The best part is that the next time I am in East Africa, I’ll feel just as good! I’ll trade in my cereal for rolex, a cup of wine for a tot of banana gin, and the NYT for some of my favorite Ugandan reporters.  Whether I am heading home or to Uganda, I feel like I am going home either way.  No matter the direction, I feel so safe and loved.  Blessed, in every sense.

And it all feels very Wizard & Oz to me.  “Now Dorothy, you knew how to get home, all along…” My life is intertwined with Uganda, my other home.  But for this moment in time, I am clicking my heels three times…

Royalty Free
The City of My Dreams: Home
vincent and becky
Vincent Kasozi and me, in my last day at New Vision

Life in New York  has been full of all sorts of pleasant surprises and moments.  I am doing a bunch of interesting things… first, I’ve been working on a website for the Ugandan diaspora (we go live on Nov. 30!) with the support of CUNY and the Ugandan Association of New York (UGAANY), and my fantastic business partner, Emmanuel.

Emmanuel and I have started a web company called Africa Connections, which finances independent journalism in our readers’ home countries through diaspora services.  We are starting off with Uganda as a model group for our project, which makes sense, given our backgrounds.  I’ve been to Uganda four times, most recently writing for New Vision, but for a variety of adventures/endeavors over the years, such as a four-month study abroad program in college, where I lived with an urban and rural host family in Kampala and Busia (an agricultural town on the Ugandan/Kenyan border).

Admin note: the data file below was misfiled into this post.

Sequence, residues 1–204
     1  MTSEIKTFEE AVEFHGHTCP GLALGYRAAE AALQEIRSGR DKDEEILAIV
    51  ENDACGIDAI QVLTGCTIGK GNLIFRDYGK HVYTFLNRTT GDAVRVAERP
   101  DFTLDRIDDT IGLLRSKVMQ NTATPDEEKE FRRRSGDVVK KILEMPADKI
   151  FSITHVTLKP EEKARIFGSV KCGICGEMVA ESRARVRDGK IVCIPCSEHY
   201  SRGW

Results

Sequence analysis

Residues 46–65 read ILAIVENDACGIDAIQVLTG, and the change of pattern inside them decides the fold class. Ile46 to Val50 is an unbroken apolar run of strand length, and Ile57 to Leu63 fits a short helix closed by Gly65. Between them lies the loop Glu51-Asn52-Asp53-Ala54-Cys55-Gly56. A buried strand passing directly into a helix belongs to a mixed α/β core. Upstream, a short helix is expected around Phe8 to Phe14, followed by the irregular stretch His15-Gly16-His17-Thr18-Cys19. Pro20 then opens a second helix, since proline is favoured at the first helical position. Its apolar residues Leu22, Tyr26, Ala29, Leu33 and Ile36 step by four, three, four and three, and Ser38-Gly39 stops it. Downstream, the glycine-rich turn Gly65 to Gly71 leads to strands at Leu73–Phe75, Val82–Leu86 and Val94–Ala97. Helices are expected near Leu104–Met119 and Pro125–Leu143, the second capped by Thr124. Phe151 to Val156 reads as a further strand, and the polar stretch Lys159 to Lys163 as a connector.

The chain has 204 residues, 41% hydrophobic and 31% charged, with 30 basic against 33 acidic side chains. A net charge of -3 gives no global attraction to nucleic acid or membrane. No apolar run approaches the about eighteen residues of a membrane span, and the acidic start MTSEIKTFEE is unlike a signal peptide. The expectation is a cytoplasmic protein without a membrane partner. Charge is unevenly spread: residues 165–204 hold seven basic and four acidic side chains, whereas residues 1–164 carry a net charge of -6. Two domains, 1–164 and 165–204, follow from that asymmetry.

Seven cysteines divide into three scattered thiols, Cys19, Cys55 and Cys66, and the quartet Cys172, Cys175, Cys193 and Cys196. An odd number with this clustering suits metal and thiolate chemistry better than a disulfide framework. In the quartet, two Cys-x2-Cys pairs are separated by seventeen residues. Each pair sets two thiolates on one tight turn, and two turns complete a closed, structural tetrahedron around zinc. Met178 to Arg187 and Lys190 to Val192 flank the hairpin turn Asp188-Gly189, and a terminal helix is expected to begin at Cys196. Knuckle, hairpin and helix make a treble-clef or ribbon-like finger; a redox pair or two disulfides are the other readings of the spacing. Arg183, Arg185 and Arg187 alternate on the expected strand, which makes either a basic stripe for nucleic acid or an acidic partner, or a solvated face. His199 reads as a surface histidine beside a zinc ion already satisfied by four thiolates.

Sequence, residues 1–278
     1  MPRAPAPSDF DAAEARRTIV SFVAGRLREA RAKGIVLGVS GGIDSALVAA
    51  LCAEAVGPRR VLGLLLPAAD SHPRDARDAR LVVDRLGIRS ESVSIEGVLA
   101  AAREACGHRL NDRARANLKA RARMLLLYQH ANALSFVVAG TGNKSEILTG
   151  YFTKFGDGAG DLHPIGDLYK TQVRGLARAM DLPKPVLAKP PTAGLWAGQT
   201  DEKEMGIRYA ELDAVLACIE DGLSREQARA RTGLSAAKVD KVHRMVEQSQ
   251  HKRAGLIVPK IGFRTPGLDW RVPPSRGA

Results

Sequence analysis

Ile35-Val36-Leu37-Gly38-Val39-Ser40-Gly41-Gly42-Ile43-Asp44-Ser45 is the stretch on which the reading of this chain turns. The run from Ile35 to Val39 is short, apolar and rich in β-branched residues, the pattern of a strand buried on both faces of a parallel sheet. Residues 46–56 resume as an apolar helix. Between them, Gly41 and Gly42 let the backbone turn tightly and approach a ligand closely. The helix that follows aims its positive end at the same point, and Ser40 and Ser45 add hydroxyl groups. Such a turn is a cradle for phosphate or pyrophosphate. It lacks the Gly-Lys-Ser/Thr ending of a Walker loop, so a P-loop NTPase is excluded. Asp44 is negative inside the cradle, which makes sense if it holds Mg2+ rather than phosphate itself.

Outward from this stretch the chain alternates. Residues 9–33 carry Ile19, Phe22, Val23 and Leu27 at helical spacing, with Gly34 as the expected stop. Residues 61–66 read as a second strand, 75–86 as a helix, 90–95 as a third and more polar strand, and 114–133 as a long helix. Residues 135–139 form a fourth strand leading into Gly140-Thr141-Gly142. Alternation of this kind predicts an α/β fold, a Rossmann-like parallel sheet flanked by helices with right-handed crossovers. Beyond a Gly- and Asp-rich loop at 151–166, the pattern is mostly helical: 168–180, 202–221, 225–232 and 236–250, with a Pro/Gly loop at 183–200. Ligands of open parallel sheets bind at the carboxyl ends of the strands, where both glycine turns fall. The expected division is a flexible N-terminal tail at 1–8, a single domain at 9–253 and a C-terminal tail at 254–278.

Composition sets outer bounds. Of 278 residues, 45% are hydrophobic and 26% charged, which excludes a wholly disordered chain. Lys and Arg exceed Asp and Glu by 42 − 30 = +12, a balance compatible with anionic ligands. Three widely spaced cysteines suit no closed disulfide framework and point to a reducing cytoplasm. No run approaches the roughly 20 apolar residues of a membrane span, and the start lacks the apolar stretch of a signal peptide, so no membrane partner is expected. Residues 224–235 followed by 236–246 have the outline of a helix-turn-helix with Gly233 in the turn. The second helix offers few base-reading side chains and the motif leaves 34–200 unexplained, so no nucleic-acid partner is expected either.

Emmanuel is a Ugandan who seems to have lived my life in reverse.  He grew up in Busia, which is how we connected– I wrote a travel piece for New Vision about my time spent in eastern Uganda, and he was able to find my e-mail through this blog.  For college, he moved to Kampala, and studied at the same university where I did for study abroad.  (FYI: I was reading the Ugandan news today, and apparently Makerere University, one of the best on the African continent, can’t pay their light bill!)He did the social sciences (I did too, with a bachelor’s degree from Sarah Lawrence, and a concentration in Africana studies), then moved to NYC for a CUNY program, and lived at -yes- Ihouse!!